The Wegmans expedition division team was concerned about recruiting employees in time for the opening of its Princeton, New Jersey-area store, where unemployment hovered around 2-1/2%. Wegmans had budgeted for a major recruitment advertising program and worked hard to devise innovative compensation programs to lure people from area restaurants and retailers. "Wait a minute!" I said. "There is a better way." While the Wegmans shopping experience defies description and its customers form a cult following in Upstate New York, few in New Jersey had ever heard of the company. Advertising by itself would be throwing away money. First, we needed to help people understand the magnitude of what was coming to town. We needed to explain how the Wegmans family earned Fortune Magazine's designation among the country's best companies to work for. And we needed to whet their appetite for its gourmet, prepared foods. The primary focus was to create value for Wegmans beyond salary and benefits, to differentiate opportunities with Wegmans from other employment opportunities, to establish credibility and to make people want to work for the company. This was a job for PR.

Job Fair

We recommended focusing on the company's most appealing point of differentiation: its food. Job fairs featured chefs preparing sizzling cuisine, ideal for consumption by TV cameras. We used the low unemployment rate to promote our employee benefits packages and secured ample TV and print media coverage. While the store was under construction, we setup media tours at the company's nearest location, Allentown, Pennsylvania, and secured front-page coverage in several newspapers, as well as a cover feature in a key trade magazine. Once the editors and reporters experienced Wegmans, we reasoned, they would become our loudest cheerleaders. And they did.

Believe the hype

We secured coverage in regional business publications focusing on the business side of the supermarket wars; in the food sections of key newspapers focusing on Wegmans' chefs and their gourmet prepared foods; and in regional news sections showcasing the store's European-designed brick ovens, French patisserie and other issues to drive waves of coverage prior to the opening.

On the radio

Reaching the harried, professional consumers that comprise the core of Wegmans audience demanded airtime on the radio. While advertising during the morning drive time was costly, we devised a strategy to secure live, on-air PR coverage. Showcasing the talents of the executive chef, we coordinated a tour whereby the chef cooked gourmet breakfast on the air during the morning drive at key radio stations. On WPST, the most critical station in our campaign, we earned more than 15 minutes of coverage, the kind of positive, credibility-building coverage that simply cannot be purchased by advertising. Over the course of a few weeks, I frequently overheard people talking about Wegmans at the gym, the diner and the shopping malls.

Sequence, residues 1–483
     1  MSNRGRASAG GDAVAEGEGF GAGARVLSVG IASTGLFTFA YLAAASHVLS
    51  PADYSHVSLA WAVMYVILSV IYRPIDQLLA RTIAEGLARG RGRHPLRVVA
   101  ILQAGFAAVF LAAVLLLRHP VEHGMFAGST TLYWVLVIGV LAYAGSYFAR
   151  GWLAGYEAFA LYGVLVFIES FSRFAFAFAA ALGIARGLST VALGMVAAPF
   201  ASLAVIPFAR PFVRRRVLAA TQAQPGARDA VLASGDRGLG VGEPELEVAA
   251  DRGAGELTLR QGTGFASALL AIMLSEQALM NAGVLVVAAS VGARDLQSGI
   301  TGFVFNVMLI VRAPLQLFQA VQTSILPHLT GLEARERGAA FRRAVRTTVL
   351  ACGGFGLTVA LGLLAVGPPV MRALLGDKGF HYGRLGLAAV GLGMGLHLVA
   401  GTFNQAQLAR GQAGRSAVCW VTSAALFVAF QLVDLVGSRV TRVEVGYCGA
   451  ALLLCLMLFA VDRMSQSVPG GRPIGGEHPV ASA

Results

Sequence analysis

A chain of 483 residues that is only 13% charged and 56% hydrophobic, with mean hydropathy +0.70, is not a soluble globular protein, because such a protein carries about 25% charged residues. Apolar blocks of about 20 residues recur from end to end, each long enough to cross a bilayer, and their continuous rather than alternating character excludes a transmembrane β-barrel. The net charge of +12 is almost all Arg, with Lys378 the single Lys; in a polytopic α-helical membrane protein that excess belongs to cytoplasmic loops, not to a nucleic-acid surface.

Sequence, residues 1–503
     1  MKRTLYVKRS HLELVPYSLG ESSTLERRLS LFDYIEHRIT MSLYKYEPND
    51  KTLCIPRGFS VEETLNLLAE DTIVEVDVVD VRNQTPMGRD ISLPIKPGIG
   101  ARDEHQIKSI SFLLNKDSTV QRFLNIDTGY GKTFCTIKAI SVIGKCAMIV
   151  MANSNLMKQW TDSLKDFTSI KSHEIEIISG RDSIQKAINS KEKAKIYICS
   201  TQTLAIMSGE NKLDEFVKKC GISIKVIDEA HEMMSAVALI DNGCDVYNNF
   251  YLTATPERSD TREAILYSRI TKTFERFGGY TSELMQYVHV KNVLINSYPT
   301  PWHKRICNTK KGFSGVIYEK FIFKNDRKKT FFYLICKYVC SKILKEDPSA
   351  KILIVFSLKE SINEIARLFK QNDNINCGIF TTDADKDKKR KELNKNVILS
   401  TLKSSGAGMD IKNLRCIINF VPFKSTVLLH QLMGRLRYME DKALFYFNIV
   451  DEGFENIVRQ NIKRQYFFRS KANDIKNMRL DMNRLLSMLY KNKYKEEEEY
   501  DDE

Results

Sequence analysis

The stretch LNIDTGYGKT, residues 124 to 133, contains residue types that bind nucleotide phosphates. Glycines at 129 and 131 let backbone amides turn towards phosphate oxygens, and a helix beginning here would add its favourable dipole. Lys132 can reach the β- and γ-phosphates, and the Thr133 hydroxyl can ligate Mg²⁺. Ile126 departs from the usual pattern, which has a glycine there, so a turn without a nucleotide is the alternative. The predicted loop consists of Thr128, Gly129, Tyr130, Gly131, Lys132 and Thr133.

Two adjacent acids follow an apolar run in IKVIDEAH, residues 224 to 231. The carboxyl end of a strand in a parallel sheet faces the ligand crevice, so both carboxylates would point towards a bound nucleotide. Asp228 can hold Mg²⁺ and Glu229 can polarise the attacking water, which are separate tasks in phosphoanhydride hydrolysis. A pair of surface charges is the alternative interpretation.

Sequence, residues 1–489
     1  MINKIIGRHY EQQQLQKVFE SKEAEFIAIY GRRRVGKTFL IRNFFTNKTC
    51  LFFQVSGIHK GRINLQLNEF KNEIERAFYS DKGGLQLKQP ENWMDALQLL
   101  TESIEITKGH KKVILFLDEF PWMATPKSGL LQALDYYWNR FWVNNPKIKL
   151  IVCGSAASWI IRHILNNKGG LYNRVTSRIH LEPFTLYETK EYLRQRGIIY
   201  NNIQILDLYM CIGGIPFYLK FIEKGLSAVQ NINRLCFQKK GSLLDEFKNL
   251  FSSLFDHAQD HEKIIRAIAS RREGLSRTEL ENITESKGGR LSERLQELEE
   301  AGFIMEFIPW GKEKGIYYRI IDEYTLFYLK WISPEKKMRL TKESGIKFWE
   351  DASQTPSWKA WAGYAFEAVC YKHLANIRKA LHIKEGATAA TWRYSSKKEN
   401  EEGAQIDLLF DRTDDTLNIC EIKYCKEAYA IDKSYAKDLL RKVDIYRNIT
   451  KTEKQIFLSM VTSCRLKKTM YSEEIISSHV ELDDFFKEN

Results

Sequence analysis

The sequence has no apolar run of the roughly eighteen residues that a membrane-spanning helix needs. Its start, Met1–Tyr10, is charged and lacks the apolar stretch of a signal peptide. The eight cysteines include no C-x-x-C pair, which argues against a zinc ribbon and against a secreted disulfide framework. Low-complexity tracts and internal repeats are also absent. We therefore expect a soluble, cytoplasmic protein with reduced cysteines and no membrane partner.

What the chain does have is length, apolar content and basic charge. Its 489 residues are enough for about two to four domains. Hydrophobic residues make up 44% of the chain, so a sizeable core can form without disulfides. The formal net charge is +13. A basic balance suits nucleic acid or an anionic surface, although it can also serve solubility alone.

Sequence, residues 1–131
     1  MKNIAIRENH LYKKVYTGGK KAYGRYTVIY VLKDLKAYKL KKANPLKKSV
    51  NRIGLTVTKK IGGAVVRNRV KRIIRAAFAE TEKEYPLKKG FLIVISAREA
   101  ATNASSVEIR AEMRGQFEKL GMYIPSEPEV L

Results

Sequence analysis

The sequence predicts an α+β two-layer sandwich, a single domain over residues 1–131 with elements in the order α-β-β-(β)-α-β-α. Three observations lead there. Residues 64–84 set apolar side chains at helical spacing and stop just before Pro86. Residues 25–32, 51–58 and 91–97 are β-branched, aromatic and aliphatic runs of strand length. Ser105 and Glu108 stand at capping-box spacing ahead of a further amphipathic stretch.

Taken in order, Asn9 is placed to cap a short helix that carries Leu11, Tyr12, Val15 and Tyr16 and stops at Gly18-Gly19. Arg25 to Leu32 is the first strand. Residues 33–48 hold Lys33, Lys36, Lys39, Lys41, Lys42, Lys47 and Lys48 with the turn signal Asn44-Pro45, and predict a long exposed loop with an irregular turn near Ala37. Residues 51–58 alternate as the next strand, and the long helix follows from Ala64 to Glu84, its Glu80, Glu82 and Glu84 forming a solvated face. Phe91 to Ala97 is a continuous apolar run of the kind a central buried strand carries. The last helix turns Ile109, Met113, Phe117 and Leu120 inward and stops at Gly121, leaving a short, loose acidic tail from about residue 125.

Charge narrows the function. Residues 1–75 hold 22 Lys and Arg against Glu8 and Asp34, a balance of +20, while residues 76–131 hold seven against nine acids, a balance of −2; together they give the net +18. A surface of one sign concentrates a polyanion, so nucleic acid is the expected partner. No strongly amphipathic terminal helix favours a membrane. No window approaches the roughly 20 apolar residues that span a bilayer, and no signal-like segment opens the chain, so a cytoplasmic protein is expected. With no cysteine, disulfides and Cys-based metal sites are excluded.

Once the PR program created interest and built buzz, the classified ad space could be used to tout the innovative compensation packages rather than on explaining the company history. Job fairs became more heavily attended and the quality of applicants improved. Interviewing and hiring moved smoothly. Wegmans became widely known and respected in the Princeton area. We stirred an intense curiosity among consumers. By opening day, the store was fully-staffed with the personable, highly trained staff that has made Wegmans synonymous with passion and service.

Common Sense Marketers Know:

1. PR builds the credibility and name brand awareness that adds value to employee compensation packages, attracts qualified applicants and boosts the impact of recruitment advertising.

2. The impact of PR may be increased exponentially by transforming articles, TV and radio appearances and other clips into job fair displays, applicant information kits, employee benefit brochures, company videos, Web content and other materials.

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